Have grown to really love them. But need help figuring out the cage accessories. Please help. You have great stuff.
Catherine Tobsing replied
Oh yes, you definitely need to fill in that cage.
But as Mitch observed its a parrot cage with wide barspacing which may induce a head or neck injury should they squees between the bars.
It is so devoid of bird toys and accessories the birds may feel “exposed.”
They will not be as relaxed as they would if you had the inside bars covered with toys, palm strips, paper towels strips, a number of different perches and anything else that comes up.
Our Breakfast Club cage has room to fly while offering areas for privacy.
I would remove the mirror. It will help the two birds like each other more.
The mirror is good if you have a solitary budgie only.
You really don’t need ladders, the whole cage is a ladder.
Are they flighted, if so they will flit about the cage much faster and better than having a bunch of ladders.
The vine ball toy is good but very big.
I would move it closer to the perch end so they can pick at it.
The toy with a sun on it does not appear to be near a perch.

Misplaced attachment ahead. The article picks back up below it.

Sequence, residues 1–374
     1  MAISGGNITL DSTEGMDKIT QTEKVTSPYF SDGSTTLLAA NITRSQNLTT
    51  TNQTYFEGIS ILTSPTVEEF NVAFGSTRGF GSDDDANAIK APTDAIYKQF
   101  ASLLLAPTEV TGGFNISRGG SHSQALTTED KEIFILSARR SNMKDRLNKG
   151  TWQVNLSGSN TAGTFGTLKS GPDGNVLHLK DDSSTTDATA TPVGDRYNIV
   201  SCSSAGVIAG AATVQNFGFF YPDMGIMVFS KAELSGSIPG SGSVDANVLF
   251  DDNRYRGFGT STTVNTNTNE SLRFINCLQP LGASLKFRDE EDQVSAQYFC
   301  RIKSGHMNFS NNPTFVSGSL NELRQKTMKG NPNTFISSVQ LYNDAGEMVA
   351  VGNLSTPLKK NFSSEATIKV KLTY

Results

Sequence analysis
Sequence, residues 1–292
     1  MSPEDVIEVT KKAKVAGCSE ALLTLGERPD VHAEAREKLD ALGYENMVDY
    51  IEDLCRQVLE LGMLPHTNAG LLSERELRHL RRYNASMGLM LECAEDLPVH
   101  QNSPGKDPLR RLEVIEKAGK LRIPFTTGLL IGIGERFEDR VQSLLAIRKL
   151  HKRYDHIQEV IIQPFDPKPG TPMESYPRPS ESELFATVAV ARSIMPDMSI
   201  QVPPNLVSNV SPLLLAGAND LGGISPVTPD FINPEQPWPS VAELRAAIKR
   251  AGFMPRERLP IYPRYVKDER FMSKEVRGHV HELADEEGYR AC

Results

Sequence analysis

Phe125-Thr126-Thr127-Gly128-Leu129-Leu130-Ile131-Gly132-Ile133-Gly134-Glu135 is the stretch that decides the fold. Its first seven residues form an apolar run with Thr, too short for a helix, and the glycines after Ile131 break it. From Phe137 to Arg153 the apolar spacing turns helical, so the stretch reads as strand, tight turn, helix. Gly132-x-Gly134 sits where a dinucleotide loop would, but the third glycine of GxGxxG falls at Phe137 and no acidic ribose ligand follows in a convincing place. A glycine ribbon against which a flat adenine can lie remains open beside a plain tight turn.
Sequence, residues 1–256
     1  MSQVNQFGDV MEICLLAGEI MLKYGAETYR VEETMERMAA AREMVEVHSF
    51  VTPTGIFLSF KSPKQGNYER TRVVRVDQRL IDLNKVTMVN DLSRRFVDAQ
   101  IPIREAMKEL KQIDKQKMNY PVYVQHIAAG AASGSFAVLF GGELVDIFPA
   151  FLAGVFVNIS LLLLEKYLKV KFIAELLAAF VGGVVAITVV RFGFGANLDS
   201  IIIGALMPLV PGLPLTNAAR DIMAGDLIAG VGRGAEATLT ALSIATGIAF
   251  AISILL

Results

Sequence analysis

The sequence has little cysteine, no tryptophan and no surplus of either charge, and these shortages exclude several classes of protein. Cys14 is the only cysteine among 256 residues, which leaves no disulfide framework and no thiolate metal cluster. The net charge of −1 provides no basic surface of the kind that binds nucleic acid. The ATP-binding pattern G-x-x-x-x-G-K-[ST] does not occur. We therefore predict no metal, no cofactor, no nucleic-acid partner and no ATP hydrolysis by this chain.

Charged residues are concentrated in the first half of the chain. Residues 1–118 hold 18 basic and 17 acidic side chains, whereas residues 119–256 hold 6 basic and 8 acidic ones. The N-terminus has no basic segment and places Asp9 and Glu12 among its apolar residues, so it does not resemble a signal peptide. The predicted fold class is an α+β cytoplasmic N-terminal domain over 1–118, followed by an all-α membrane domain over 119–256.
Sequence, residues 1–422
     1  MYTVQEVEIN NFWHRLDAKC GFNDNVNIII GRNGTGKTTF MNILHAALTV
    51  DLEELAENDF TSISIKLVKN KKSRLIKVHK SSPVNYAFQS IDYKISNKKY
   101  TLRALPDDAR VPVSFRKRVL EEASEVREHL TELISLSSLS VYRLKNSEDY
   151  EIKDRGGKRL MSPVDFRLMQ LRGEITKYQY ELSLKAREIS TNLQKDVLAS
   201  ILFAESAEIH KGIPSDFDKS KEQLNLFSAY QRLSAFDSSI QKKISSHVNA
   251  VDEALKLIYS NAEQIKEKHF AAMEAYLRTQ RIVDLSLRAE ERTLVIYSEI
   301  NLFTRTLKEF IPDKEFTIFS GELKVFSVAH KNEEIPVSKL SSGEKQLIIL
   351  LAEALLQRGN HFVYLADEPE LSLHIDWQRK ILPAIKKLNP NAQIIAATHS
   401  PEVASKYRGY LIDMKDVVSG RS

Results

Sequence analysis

Move it to the end of another perch so they can reach it.
The toys in a birds cage don’t all have to be chewed up to have value.
They are the furniture in your birds apartment.
We may only sit on the sofa in our living room, but the room is so much more comfy when there are tables, and arm chairs and a bookcase and pictures on the wall.
The toys, etc in your birds cage are the leaves on your birds tree, they feel good to be around. Safe.
You need to add at least 10-20 new toys, accessories, and perches.
They will help the cage become a cozy place.
I would add some Booda rope perches in small sizes.
They should be attached low on one end and higher on the other to create a bridge of sort encouraging travel around the cage both high and low.
Then some shredders woven in and out of the cage bars creating privacy spots.
We have some woven into the front left corner of our budgie cage and behind it a small perch.
We have one of the 4 budgies that love to sit there. It calms him as his view of the room around the cage is somewhat blocked and he feels better.
Then add some toys, nothing too big.
This category will have the smallest of bird accessories
Go from there. Let me know how it goes.
Kathy H replied
Thank you for the advice.
I did buy the mirror when my Keet became a bachelor.
He never really enjoyed it, though.
I’ll go shopping on your site and add some stuff to their environment.
Thanks again for the help.
If I have another question or two, I hope you don’t mind if I send them your way.
Oh yes, let me know whenever you have questions.